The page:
Testing Standards

Here is a secret:  instructors don’t go to a special class to teach them what is on the CNA state test or how to teach CNA skills to you! 

In many cases, instructors (especially in test preps) won’t know any more about the test than you do…so many make it up as they go along!  Scary?  You bet!  This is why there is so much misinformation out there.  One teacher will teach things one way, while another student will  learn something totally different!  Yet both students are in the same testing center the same day and both pass, even though they have done the skills in two different ways.  How is that possible?!  With many different schools teaching lots of different ways to do things, online videos that demonstrate things completely differently than you were taught and helpful friends and family that tell you that you are doing things wrong, it is easy to get lost!

The CNA skills portion of the exam will be observed by an RN with many years of experience.  They understand basic nursing principles and infection control practices.  They can see past the technical details of the skill and are able to judge what truly matters.  To ensure uniformity in the testing environment – to make sure everyone is tested by the same standards – each state has developed a specific set of standards that must be met for each skill.  This is often called the Clinical Skills Checklist because it includes points that must be performed by each student and checked off by the evaluator when they have been performed.  The Clinical Skills Checklist specifies that the torso must be washed during a partial bed bath…HOW you wash that torso is up to you!  Students get all mixed up here, thinking that there is only one way to perform the technical aspect of the skill.  There are very few points that grade the HOW, and they are specified on the clinical skills checklist!  Since students are not familiar with infection control procedures or basic nursing principles, they are unsure of how to perform the skill without violating these technical rules.  This is where a good instructor will come in.  But that instructor would have had to have done their homework and be familiar with basic nursing principles, infection control procedures AND the clinical skills checklists!  If any of these are missing in your instructor, you may run into trouble!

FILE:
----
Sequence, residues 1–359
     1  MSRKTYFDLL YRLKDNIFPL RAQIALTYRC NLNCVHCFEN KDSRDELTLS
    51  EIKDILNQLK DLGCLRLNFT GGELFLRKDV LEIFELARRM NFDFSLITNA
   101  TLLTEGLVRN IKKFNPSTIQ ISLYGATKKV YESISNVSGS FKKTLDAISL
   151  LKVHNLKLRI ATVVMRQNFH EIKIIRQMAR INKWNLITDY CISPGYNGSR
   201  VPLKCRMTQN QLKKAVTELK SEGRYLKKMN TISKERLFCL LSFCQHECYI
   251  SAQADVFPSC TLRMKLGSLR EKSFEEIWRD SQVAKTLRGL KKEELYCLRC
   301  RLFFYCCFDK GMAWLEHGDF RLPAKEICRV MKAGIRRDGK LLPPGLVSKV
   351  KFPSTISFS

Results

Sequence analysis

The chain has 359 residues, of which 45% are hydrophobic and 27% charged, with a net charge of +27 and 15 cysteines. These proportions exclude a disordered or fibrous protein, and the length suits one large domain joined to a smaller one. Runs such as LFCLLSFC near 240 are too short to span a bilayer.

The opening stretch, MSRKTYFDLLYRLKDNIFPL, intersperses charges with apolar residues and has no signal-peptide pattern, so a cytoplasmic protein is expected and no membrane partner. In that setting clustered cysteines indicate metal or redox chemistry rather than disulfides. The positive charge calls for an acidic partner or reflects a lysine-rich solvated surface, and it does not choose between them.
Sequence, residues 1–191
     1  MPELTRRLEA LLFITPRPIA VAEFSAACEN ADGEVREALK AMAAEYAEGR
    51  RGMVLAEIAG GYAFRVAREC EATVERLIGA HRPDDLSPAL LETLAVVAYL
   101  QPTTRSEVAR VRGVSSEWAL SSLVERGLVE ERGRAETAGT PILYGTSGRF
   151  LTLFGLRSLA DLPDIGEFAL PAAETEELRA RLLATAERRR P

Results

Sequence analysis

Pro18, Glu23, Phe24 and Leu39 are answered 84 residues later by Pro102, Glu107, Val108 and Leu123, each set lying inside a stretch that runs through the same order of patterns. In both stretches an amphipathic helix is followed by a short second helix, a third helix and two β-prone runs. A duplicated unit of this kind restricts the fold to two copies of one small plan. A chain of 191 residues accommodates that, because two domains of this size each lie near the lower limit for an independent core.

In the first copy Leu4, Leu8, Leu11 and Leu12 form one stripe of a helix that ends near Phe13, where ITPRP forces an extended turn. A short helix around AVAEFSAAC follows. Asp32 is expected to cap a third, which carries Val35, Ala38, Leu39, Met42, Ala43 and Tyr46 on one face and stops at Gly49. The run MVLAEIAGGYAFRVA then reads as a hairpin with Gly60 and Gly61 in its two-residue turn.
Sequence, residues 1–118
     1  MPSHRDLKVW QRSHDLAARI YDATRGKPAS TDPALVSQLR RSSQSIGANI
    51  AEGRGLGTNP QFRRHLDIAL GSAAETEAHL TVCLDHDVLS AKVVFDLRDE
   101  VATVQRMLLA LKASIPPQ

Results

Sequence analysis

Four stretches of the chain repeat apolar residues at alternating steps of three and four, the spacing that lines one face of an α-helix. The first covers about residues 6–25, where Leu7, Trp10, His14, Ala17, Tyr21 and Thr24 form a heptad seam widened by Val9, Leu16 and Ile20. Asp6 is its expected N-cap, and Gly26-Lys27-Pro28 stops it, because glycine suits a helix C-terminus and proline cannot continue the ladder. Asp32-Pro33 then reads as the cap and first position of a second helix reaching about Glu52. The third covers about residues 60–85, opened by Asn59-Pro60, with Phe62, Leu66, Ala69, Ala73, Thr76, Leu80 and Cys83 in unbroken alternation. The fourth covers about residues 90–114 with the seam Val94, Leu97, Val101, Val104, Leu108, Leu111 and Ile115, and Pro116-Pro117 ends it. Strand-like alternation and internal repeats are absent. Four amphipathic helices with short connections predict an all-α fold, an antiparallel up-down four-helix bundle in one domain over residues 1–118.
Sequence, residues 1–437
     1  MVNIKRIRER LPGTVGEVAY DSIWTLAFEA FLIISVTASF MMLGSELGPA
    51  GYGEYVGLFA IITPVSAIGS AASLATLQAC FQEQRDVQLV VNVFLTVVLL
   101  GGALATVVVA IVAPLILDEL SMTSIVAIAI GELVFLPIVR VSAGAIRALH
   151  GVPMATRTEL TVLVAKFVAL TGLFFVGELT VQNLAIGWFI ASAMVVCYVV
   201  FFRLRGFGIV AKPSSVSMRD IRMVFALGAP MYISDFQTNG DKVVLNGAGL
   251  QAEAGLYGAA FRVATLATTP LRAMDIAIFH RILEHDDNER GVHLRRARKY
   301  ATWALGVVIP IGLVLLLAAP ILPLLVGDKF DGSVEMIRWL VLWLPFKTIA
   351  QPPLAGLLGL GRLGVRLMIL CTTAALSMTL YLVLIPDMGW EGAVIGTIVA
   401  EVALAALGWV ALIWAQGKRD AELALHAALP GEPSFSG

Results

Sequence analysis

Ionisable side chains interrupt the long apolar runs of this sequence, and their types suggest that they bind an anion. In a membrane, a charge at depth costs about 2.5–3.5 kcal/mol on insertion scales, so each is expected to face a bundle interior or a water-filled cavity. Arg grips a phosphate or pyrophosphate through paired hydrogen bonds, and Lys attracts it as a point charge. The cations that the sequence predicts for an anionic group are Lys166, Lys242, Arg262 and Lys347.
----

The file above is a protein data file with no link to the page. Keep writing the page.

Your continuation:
So, let me arm you with some information that may help you out.  If you know where to look, you can see each point that the evaluator will be grading on.  This ensures that you are at least performing the required technical components of the exam.  If you are unsure whether you have been taught correctly, look at the standards for that skill and judge whether you are performing all the points listed.  This can save you lots of heartache and anxiety before and during the exam!


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